Cleaning dust from the components will improve their efficiency and, as a result, their performance. Dust build-up also causes them to get warmer, which reduces performance. So, it will be faster, but the difference may not be all that noticeable.

Is it OK to use a vacuum to clean a computer?

It is not recommended to use a vacuum cleaner to clean computer components as the powerful suction can damage them.

It’s better to use compressed air or a computer vacuum designed specifically for this purpose. If you don’t have either of these, try using a small paintbrush paired with a microfiber cloth instead.

How to clean dust from a laptop

Cleaning dust from a laptop can be more challenging, as laptops have compact components and smaller vents. However, the same cleaning methods apply.

1. Start by shutting down your computer properly before trying to clean it. Next, open up the screen so that you are looking at the keyboard side of your computer. Use a can of compressed air or a computer vacuum cleaner to blow out any dust from between keys on the keyboard.

2. Turn the computer over so that it is upside down and look for dust buildup on the bottom. Gently vacuum any dust away and use a can of compressed air or a computer vacuum cleaner to blow out any remaining dust from around ports and cables.

3. Open the back cover of the laptop by following the manufacturer’s manual to gain access to the internals. From here, use compressed air and a microfiber cloth to rid dust from everything you can access. You should be able to see the RAM, fans, heatsink, vents, etc.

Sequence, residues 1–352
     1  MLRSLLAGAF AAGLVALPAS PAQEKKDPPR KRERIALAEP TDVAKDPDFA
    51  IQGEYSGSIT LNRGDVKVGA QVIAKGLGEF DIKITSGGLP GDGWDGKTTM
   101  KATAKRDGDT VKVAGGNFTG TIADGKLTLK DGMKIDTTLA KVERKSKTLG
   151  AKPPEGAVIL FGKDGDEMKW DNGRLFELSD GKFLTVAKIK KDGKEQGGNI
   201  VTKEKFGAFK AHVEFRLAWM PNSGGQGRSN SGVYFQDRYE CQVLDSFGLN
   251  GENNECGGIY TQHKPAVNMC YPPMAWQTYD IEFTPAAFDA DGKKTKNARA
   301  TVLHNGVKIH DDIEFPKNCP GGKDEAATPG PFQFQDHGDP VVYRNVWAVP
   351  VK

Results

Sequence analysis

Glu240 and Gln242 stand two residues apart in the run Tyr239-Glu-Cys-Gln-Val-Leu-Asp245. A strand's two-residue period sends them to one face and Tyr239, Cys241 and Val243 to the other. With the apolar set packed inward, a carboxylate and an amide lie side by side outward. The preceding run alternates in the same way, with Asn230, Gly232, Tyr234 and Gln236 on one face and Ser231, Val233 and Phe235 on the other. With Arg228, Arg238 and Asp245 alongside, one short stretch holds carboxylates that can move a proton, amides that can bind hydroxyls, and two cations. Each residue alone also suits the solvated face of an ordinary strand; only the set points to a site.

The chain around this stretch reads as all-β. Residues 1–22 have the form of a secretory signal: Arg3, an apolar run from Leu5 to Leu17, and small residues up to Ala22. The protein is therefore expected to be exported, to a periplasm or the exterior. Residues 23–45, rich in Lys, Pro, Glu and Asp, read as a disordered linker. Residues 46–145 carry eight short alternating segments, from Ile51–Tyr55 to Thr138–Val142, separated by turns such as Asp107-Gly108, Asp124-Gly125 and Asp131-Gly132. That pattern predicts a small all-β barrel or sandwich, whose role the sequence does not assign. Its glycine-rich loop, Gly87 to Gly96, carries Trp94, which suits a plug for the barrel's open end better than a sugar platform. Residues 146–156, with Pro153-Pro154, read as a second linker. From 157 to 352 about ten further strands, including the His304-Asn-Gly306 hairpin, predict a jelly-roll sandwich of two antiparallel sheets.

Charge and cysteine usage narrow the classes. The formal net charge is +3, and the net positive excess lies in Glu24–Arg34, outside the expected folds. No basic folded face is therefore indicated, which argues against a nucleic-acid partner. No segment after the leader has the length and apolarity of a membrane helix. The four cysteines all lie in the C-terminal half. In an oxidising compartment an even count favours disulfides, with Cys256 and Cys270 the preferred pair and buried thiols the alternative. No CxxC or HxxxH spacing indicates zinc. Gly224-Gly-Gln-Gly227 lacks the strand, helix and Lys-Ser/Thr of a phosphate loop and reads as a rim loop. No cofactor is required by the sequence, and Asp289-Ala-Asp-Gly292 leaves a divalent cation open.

Check out these 7 steps to prevent your laptop from overheating.

What tools are needed to clean a computer?

The tools you need can be found in a computer repair toolkit, or you may have them already on hand. These include:

  • Phillips and flathead screwdrivers (to open computer case)
  • Torx drivers (for computer screws and video cards)
  • Needle-nose pliers (for small parts)
  • Flashlight (to add light to the work area)

Shown below is a nice complete computer repair kit with an anti-static wristband.

What if my computer is overheating?

If your computer is still running very hot after you have cleaned out the dust, you may need to upgrade your computer’s fan or heat sink or look at the operating system.

A computer overheats primarily because of dust, applications, or malware.

You’ll want to review the running applications and delete any that are no longer needed or that consume a lot of resources. Also, scan for and remove any malware from your computer since it might contribute to overheating as well.

Computer Full Of Dust – Summary

Following these 12 steps, you can keep your computer dust-free and performing at its optimum. Be sure to check for dust buildup about every 6 months to stay on top of and prevent potential issues.

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J.S. is the owner, content creator, and editor at I’ve worked in the IT and Computer Support field for over 20 years. The server hardware in my computer labs has mostly been IBM, but I’ve supported Dell, HP, and various other hardware. In addition, as part of my lab administrator responsibilities, I’ve learned, supported, and repaired/upgraded network hardware such as Cisco routers and switches. READ FULL BIO >>